Published by Macmillan Children's Books in 2007
And by the moon the reaper weary,
Piling sheaves in uplands airy,
Listening, whispers, 'Tis the fairy
The Lady of Shallot
The Lady of Shallot by Alfred Tennyson has to be one of the most beautiful poems ever written and Meg Cabot began every chapter of her wonderful book Avalon High with a a verse from it for me to ponder over. On a personal note it took me back to the TV adaption of Anne of Greengables where Megan Followes pretended to be the Lady of Shallot whilst floating down the river. Ah happy days!
Back to the book, Ellie has moved to a new area whilst her parents take a sabbatical from their careers as professors to write historical books based on the legend of King Arthur. She becomes the new girl at Avalon High and cannot believe her luck when Will, the best looking boy in the school wants to get to know her. Soon she finds herself hanging out with the cool people. Jennifer,the cheerleader who happens to be Will's girlfriend and Lance, one of the football team as well as Will's best friend.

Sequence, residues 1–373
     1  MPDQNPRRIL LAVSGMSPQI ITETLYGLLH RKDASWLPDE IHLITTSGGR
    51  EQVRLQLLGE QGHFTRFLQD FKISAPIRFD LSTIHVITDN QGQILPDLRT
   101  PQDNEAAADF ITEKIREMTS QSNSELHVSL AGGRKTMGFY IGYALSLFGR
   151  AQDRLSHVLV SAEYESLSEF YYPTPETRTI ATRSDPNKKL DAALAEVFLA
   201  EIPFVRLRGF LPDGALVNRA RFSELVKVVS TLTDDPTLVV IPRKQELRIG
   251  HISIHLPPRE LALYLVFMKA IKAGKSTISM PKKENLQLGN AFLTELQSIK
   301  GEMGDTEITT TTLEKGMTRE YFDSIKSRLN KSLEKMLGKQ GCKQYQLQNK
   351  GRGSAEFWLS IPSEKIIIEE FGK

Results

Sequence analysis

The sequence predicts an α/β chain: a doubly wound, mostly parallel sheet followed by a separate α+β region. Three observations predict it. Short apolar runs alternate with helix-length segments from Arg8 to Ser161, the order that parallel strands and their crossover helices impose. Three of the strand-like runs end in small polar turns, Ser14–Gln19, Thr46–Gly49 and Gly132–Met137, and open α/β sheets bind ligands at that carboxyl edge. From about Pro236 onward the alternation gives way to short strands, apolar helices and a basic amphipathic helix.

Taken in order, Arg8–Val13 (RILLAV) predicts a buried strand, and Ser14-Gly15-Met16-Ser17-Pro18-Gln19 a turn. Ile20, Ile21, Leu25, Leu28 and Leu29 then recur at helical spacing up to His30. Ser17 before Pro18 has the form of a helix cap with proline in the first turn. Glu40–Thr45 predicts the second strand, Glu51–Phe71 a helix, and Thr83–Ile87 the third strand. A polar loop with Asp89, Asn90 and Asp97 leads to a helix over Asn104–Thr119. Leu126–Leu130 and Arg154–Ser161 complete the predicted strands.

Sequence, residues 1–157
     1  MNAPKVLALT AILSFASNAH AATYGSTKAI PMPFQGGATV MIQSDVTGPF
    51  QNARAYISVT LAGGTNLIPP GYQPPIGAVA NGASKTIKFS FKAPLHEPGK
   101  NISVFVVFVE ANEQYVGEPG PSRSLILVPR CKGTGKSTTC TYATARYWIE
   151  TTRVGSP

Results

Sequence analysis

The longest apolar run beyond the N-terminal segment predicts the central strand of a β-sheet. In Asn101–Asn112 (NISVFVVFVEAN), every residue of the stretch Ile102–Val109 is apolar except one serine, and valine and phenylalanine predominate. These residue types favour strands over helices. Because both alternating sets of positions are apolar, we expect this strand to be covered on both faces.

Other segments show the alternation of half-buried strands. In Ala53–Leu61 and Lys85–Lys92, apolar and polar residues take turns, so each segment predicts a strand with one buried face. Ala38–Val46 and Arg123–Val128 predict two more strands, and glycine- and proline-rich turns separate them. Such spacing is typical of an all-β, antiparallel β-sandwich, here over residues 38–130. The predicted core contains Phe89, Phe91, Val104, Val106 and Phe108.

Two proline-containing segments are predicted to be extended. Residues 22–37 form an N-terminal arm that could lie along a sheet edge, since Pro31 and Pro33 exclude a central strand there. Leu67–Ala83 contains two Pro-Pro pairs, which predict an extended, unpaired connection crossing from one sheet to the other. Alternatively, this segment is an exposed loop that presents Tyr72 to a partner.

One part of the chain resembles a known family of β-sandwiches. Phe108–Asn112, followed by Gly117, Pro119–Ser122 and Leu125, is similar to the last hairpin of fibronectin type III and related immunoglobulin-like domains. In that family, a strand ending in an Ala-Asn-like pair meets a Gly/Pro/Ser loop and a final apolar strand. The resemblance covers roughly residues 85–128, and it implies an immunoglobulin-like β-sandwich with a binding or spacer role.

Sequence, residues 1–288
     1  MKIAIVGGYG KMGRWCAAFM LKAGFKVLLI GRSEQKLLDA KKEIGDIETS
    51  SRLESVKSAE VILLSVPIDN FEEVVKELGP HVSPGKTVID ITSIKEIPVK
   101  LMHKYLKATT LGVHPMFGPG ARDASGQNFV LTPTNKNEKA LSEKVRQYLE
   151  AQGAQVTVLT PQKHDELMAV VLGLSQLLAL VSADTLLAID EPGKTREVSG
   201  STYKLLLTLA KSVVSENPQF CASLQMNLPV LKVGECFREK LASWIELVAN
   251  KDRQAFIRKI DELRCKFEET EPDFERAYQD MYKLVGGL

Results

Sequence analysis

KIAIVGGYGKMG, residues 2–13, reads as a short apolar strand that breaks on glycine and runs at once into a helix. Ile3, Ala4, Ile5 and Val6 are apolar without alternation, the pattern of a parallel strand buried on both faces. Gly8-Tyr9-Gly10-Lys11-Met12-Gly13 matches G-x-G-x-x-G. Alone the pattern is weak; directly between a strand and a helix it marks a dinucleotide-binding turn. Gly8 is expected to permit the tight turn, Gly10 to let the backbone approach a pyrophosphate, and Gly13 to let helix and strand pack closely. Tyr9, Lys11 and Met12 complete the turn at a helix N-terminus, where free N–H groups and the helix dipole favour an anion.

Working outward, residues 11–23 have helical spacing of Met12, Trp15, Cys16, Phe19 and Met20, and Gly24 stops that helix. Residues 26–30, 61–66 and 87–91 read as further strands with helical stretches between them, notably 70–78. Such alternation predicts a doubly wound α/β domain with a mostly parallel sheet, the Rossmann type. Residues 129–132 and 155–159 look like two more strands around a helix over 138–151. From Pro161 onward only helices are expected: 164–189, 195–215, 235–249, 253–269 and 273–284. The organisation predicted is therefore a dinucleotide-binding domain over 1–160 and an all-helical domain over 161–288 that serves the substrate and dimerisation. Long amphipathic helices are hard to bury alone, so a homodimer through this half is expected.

As Ellie becomes more and more involved with their lives, she begins to notice that all is not what it seems. Will is convinced that he has met Ellie before, Lance and Jennifer are spending too much time together and Marco has got an evil look in his eye.
If you haven't worked it out yet, this book tells the story of the possible reincarnation of King Arthur and the Knights of the Round Table. Meg Cabot has brought the Arthurian legend to the younger generation and given it street cred. Not that it wasn't already one of the most beautiful stories of all time, but now Cabot has made the story accessible to the preteens.
I am so pleased that I read this book, because it really was so much better than the film. Not that I didn,'t enjoy the Disney adaption, I just found the ending of it a little hard to swallow. In the film, Ellie is known as Allie and she turns out to be the reincarnation of King Arthur. Personally, I found that rather hard to believe; it just wasn't credible. So I was relieved to find that the film differed completely from the book.
Meg Cabot has created some wonderful characters and an original storyline which I found myself completely engrossed in. The book had some excellent twists and turns and I was quite disappointed by the end to realise there were no sequels. Meg Cabot shows us a hint of her humorous side which makes me want to search out those Princess Diaries books as I have heard they are hilarious.
If you want a lighter look at the Arthurian legend, then this book will not disappoint. Definitely worth buying for the children and your hidden inner child!
I couldn't finish this post without sharing this utterly beautiful version of The Lady of Shallot by Loreena McKennitt. It is haunting!